It should be understood that the process of de-multiplexing and re-multiplexing is optional, however, there are advantages to the process. For example, a movie media file comprising subtitles in various languages (e.g. English, Spanish, German and Chinese) is requested from a client machine in China and the file is also requested from a client machine in the United Kingdom. An administrator could set up the content server so that the file is streamed to the client machines with different QoS objects. For example, if the media file is requested from a Chinese speaking user, the file could be streamed along with Chinese language subtitles only. However, if the media file is requested from an English speaking user, the file could be streamed along with English language subtitles only. Obviously, this would be beneficial for the streaming overhead.
Beneficially, because a profile is dynamically generated, it supports the dynamic application of QoS objects and characteristics. Therefore, the present invention facilitates the management of additional stream delivery characteristics. An advantage of the present invention is that more flexibility is offered by enabling the efficient management of streams of several commonly used formats and is non-intrusive of existing content. Therefore, by not restricting to certain types of file format, authoring tools do not have to be used or re-used to manipulate the content of the media files.
A further advantage of the present invention allows efficient delivery of stream data, without the necessity for the existence a particular type of header or equivalent data prefacing the media file.
Advantageously, a flexible super-set of “media file header information” is provided. Furthermore, since it is the profile (and not the data content) that is initially sent to the client machine, the processing overhead is kept low. For example, by only sending the profile to the client machine, even if a client machine cannot accept the data content, network resources have not been strained, since the profile is comparatively smaller in size than the data content.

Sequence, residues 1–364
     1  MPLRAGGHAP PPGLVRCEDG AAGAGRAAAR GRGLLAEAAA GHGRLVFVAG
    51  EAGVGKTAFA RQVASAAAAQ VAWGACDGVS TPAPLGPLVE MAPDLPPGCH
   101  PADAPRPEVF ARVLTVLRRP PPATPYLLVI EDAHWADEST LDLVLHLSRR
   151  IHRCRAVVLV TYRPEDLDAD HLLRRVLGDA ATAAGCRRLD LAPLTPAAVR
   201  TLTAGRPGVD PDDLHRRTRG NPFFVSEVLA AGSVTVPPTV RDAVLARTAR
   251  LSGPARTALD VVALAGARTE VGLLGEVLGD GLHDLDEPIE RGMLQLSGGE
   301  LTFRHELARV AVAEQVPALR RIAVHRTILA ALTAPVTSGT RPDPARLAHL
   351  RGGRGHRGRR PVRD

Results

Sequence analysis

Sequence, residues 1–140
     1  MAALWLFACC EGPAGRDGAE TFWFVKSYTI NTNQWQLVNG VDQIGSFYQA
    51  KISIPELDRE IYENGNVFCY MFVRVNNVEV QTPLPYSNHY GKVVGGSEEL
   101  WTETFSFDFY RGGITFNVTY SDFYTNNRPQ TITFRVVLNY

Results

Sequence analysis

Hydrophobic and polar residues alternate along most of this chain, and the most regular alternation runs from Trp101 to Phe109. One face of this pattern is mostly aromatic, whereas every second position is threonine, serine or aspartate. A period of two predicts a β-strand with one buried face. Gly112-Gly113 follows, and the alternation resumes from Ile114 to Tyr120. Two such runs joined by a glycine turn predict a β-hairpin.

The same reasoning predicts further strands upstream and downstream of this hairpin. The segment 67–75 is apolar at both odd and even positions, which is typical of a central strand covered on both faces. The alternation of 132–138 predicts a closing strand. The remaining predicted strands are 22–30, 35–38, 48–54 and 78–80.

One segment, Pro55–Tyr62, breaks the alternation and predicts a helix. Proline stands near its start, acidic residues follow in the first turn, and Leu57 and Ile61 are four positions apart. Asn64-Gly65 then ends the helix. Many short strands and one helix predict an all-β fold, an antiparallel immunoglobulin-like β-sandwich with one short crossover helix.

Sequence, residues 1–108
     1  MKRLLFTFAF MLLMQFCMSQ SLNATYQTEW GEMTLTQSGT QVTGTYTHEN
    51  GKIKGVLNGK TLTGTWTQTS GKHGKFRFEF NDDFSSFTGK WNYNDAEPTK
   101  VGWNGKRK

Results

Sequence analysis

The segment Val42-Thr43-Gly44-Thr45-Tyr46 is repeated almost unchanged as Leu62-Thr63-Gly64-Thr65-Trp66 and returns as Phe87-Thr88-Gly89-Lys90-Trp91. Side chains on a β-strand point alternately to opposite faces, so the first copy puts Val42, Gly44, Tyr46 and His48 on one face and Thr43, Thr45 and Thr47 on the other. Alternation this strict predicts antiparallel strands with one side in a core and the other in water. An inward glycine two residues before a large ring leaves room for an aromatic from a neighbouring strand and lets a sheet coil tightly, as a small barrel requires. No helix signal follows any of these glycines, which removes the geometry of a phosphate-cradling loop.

It should be understood that although the preferred embodiment has been described with a single client computer and a single server computer, the present invention could be implemented in any environment. For example, communication could take place between two or more server computers, between two or more client computers, between a plurality of both server computers and client computers etc.
|Cited Patent||Filing date||Publication date||Applicant||Title|
|US5956716||Jun 7, 1996||Sep 21, 1999||Intervu, Inc.||System and method for delivery of video data over a computer network|
|US6763071 *||Dec 2, 1999||Jul 13, 2004||Canon Kabushiki Kaisha||Image processing apparatus, method therefor and recording medium storing image processing program|
|US20030023578 *||Apr 30, 2002||Jan 30, 2003||Julian Durand||Content delivery|
|US20030046578 *||Sep 5, 2001||Mar 6, 2003||International Business Machines Incorporation||Apparatus and method for providing access rights information in metadata of a file|
|US20030097657 *||Sep 14, 2001||May 22, 2003||Yiming Zhou||Method and system for delivery of targeted programming|